In the middle of a field on Sunday in West Hempfield Township, through seemingly endless rows of corn, singing could be heard.

“This pretty planet spinning through space, you’re a garden, you’re a harbor, you’re a holy place,” the people sang. “Golden sun going down, gentle blue giant spin us around, all through the night, safe ’til the morning light.”

They sang in celebration and appreciation of their land, but also in protest — against Williams, the builders of the Atlantic Sunrise pipeline.

About 100 people gathered at a vigil in support of the Adorers of the Blood of Christ, a group of nuns who, with the help of the grassroots group Lancaster Against Pipelines, are not backing down from the pipeline builder seeking to take its land through eminent domain.

The Adorers will face Transcontinental Gas Pipeline Co., a Williams subsidiary, in court today for an injunction, which would give the company the right to seize the nuns’ land.

“The Earth is a sanctuary and we have a responsibility, all of us, to respect her,” Mark Clatterbuck, of Lancaster Against Pipelines, said, addressing the crowd underneath an arbor recently built directly in the pipeline’s path. “The sisters are saying there should be a right to protect the land because it is sacred. Period.”

According to a land ethic authored in 2005, the Adorers “reverence Earth as a sanctuary where all life is protected” and “strive to establish justice and right relationships so that all creation might thrive.”

Sister Joan Hornick, who traveled 14 hours from Belleville, Illinois, to attend the vigil as well as today’s hearing, said she was grateful to be around so many people fighting to keep the newly built chapel and surrounding land sacred.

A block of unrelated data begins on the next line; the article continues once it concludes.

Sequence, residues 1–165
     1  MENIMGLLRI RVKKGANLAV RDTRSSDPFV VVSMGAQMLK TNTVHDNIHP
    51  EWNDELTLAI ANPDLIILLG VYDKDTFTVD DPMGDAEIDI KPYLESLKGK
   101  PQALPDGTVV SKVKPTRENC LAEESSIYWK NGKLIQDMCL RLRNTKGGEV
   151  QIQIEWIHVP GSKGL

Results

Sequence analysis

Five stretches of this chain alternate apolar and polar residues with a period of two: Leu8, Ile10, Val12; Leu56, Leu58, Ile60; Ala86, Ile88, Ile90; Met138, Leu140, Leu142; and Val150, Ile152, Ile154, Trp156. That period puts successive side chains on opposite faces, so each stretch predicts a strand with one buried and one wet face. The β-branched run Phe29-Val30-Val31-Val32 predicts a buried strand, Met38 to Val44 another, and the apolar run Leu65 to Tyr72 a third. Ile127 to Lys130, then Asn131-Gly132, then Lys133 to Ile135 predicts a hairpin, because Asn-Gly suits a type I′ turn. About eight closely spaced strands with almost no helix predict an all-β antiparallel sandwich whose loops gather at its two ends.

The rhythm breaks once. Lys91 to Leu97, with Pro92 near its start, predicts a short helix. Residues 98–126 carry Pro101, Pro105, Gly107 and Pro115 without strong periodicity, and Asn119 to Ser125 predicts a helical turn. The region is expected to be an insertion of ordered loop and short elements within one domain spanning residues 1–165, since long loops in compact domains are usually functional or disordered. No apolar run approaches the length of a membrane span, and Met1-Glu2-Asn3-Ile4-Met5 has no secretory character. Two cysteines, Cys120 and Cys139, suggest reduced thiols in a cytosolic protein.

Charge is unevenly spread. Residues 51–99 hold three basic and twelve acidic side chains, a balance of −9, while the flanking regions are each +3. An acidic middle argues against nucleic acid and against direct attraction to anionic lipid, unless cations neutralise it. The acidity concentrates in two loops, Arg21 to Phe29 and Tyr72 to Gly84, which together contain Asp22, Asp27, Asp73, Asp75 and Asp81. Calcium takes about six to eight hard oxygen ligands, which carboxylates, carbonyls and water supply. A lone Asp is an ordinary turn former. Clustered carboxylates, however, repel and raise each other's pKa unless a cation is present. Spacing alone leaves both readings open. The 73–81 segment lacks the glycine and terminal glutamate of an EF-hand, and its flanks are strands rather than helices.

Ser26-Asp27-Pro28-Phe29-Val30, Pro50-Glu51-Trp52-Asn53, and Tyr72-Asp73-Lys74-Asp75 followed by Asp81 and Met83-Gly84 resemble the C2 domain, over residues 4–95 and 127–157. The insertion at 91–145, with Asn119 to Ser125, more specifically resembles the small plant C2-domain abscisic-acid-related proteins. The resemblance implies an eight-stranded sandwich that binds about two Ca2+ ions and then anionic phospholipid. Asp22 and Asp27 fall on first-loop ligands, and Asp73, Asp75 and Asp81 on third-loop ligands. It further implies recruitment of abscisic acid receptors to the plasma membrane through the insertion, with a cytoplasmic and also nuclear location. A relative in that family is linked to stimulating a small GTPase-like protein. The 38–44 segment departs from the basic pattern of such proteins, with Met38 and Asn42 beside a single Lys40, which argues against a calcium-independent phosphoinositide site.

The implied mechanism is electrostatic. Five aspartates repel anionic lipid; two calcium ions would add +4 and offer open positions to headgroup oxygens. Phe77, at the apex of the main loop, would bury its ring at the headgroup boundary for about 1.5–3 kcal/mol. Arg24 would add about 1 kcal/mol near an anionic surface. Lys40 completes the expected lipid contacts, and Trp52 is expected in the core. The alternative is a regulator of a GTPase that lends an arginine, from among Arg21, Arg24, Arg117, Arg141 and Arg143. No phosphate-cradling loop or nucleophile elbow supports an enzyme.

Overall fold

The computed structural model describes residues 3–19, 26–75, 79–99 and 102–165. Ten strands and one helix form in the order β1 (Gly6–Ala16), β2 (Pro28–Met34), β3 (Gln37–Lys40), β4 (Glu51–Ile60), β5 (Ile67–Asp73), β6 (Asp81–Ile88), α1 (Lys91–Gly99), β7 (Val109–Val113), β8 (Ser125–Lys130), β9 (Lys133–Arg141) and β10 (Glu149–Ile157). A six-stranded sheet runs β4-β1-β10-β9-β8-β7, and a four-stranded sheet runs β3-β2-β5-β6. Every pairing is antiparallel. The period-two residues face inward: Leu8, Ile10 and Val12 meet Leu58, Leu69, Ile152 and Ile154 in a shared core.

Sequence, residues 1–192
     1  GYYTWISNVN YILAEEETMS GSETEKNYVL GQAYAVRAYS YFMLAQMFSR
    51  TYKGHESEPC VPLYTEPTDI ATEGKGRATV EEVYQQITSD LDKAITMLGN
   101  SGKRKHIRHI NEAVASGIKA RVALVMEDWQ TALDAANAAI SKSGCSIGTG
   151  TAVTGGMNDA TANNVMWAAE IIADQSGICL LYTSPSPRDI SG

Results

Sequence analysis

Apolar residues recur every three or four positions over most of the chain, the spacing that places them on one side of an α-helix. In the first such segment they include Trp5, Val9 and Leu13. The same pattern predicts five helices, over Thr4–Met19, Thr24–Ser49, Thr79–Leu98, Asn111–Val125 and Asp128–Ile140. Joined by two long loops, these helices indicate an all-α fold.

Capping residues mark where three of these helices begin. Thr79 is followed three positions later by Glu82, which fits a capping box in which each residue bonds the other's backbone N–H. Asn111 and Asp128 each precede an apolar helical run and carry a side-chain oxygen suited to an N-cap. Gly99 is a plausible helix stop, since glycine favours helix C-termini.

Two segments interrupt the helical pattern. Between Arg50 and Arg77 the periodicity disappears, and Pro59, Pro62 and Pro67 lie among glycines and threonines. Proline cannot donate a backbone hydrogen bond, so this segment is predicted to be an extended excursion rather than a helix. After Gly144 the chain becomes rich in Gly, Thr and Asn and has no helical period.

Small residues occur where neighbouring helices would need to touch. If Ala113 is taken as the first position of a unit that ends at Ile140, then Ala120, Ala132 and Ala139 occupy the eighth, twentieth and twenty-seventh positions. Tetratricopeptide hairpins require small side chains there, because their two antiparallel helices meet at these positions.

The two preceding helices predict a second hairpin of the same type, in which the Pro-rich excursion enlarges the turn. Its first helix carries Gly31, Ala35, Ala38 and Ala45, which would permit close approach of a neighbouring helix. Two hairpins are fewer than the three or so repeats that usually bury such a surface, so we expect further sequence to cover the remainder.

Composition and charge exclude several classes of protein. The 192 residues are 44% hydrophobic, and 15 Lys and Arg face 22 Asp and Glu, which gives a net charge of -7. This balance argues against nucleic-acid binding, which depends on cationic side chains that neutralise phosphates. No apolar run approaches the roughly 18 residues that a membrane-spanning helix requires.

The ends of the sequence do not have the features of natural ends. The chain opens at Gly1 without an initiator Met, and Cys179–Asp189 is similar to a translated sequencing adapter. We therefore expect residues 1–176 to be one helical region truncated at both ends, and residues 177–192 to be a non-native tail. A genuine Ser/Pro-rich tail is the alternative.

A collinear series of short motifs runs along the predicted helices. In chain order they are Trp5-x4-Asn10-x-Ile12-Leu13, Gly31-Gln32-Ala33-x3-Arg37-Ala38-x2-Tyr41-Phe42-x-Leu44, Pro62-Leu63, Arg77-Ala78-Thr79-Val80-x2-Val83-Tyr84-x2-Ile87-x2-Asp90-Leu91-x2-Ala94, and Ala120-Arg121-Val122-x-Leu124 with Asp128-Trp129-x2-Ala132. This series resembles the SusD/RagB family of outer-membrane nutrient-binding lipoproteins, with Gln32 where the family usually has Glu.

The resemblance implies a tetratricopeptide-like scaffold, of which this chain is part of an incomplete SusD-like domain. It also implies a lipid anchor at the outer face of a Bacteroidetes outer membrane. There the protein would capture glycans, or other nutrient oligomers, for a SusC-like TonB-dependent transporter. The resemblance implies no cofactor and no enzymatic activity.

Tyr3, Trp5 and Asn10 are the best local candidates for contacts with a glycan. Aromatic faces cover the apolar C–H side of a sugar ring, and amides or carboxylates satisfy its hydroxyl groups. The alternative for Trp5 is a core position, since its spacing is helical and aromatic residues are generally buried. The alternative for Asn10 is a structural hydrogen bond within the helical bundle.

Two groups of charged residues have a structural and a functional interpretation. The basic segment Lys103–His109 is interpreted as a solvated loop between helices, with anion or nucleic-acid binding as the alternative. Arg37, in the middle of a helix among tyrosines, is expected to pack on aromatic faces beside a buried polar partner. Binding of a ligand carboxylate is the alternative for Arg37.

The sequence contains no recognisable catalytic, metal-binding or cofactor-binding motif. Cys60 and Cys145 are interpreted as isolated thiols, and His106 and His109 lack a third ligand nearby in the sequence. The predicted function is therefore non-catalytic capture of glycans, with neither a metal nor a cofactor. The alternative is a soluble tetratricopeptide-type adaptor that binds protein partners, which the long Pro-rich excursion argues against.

“It's great to be with other people for a common cause, which is our common home,” she said.

Hornick was one of several speakers during the vigil, which included songs, prayer, a ceremony featuring the nuns spreading soil around the area and an opportunity for guests to tie prayer ribbons to rope lining the chapel’s perimeter.

Peggy Spiese, of Columbia, participated in the ribbon-tying ceremony. Spiese, who grew up on a York County farm, takes Williams’ efforts to seize the nuns’ land personally.

“It's very hurtful that this huge corporation for no other reason than to make a profit presumes that they can rip up people’s property and install a very hazardous ... immense pipeline,” she said.

Her yellow ribbon, she said, was a “symbol for me of thanks for this land, this chapel and for these sisters who have stepped up to use their voices in praise for the land, in love of the land and in defense of the land.”

Williams, on the other hand, said the nuns’ plight is uncalled for.

Spokesman Chris Stockton in an email said while Williams supports people’s right to peacefully and safely protest, the arbor creates an unnecessary “safety hazard for construction of this important, federally-approved project.”

“With the exception of the width of the construction right-of-way, this structure can be placed anywhere else on the property without issue,” he said. “Our top priority is the safety of protestors and construction personnel during the extensive pipeline installation process.”

Today’s hearing will be held at 11 a.m. in Reading.

The Adorers and Lancaster Against Pipelines have invited the public to participate in two prayer vigils -- one at the Madison Building, 400 Washington St., Reading, and another at the chapel in West Hempfield Township, prior to the hearing, at 10:15 a.m.

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